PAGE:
Committee for the Defense of the Unjustly Prosecuted

The protestors who signed the Charter 77 were officially known as the signatories of the charter. There was lot of secrecy centered on this signing because it was believed by many that this would not only lead to imprisonment but various other forms of harassing the attire family of the accused. Therefore, in order to protect the rights of the protestors and signatories, this particular committee to defend the unjustly prosecuted, was formed in 1978.

Facing the Ire…

Many of the brave protestors had to face challenges, while others braved the onslaught of spies to remain undercover. Yet there was a small fraction that claimed upon arrest that they had no idea what they were up for, at the time of signing the charter. That they were told lies and believed they were working towards the country’s growth instead. This would seem to be cowardly on their part now, but given the inhuman nature with which the state dealt with them, there was really no other option to save one’s life and the safety of one’s family.

The Infamous Czech Secret Police

The prime purpose of this institution of plain-clothed secret police and spies being recruited, was for the purpose of identifying and weeding out protestors in a very discrete manner. This was formally proclaimed in the name of countering ‘Western influences’ or ‘Anti-Socialist’ movements of any kind, but was in fact an organization that kept all kinds of dissent at bay, and sped over the common citizens of Czechoslovakia for over 4 decades. Despite the infamous Czech Secret Police, the charter was signed by over a 1000 people and the members played key role whilst ushering in the Velvet Revolution. In 1992, the Charter was dissolved because the signees mostly had no prior political experience and could not continue to play any relevant role in the newly formed government.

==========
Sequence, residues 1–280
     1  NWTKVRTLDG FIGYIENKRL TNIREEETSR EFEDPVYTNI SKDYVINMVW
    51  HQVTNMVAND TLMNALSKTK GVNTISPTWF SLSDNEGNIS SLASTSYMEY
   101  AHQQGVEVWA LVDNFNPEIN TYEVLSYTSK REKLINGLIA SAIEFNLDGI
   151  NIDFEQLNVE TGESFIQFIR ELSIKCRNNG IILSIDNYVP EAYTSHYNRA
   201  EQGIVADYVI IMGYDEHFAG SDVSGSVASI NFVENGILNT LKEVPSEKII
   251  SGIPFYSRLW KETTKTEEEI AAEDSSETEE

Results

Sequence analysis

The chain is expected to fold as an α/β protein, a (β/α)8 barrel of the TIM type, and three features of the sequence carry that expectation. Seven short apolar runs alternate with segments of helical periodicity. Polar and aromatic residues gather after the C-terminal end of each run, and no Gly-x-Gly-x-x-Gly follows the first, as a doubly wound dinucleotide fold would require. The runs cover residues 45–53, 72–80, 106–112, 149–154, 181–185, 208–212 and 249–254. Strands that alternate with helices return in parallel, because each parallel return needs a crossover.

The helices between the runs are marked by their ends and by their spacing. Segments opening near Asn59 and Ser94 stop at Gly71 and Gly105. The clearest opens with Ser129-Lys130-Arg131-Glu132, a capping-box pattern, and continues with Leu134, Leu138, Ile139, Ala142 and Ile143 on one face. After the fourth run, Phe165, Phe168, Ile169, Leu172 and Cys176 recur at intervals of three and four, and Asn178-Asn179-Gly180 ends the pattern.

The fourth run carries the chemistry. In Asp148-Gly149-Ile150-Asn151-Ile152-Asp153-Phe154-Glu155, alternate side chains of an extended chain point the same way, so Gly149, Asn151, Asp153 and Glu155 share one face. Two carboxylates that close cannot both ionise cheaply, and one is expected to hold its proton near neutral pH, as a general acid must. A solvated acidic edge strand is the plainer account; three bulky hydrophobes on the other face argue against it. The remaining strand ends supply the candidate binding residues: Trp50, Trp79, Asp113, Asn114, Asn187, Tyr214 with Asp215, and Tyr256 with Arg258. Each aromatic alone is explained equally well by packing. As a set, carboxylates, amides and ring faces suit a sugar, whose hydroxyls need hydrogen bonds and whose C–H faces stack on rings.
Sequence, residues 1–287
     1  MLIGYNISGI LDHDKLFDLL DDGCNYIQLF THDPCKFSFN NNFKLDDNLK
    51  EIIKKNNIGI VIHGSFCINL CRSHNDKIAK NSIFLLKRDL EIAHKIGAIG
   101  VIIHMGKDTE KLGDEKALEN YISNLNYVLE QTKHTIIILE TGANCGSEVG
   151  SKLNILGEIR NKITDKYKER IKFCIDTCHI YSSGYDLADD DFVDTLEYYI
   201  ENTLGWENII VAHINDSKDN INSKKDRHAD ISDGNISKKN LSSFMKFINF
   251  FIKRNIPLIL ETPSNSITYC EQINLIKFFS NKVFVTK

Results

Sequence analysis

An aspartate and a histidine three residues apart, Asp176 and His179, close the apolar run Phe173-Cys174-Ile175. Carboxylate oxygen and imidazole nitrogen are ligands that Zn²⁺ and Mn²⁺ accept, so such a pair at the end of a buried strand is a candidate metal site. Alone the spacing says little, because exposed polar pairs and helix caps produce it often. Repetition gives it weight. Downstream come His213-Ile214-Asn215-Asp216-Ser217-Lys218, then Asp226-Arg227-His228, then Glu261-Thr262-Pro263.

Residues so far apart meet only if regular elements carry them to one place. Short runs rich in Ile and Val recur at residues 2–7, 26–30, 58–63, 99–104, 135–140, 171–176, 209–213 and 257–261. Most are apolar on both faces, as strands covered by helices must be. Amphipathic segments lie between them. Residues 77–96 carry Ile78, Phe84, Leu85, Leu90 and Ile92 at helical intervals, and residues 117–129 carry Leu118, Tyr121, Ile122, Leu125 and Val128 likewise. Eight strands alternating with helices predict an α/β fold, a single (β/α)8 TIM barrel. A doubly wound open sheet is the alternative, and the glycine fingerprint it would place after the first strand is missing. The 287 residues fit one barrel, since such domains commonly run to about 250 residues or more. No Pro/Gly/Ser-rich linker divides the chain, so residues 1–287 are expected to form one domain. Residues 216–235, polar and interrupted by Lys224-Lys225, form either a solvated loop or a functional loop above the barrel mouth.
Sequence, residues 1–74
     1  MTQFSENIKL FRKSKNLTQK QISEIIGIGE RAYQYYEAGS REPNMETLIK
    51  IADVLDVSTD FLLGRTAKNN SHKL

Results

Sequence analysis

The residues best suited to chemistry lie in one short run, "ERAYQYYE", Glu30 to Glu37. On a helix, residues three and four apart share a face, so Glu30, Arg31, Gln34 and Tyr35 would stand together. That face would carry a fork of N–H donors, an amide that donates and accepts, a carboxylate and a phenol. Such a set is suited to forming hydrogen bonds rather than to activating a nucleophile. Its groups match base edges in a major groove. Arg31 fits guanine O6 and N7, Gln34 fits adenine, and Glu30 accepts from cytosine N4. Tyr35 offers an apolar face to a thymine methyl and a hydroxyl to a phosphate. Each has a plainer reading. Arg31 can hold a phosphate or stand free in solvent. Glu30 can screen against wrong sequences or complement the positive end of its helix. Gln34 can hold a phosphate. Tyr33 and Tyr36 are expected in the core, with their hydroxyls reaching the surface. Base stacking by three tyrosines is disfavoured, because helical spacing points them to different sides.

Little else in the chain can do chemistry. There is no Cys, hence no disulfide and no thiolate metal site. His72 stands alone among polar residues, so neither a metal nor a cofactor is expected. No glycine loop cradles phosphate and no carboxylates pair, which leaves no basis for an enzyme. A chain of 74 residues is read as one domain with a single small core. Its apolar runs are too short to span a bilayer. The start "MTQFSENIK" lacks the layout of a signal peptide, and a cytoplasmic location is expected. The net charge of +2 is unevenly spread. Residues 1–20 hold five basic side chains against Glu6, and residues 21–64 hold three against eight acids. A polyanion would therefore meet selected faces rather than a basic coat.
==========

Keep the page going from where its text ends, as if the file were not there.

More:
When Power changed hands…

One of the many reasons why the power transition in Czechoslovakia happened so smoothly was because those who signed, ratified and informally distributed parts of this charter were people from various other walks of life, apart from politics. So they never harbored any major political ambitions, and only a handful could exchange hands in terms of political power. So this did not happen as a sudden upsurge or bloody revolution, but took place in short stages over the course of 4 to 5 years. This time period and the involvement of folks from all strata of society are what allowed the Charter to be successful as power changed hands.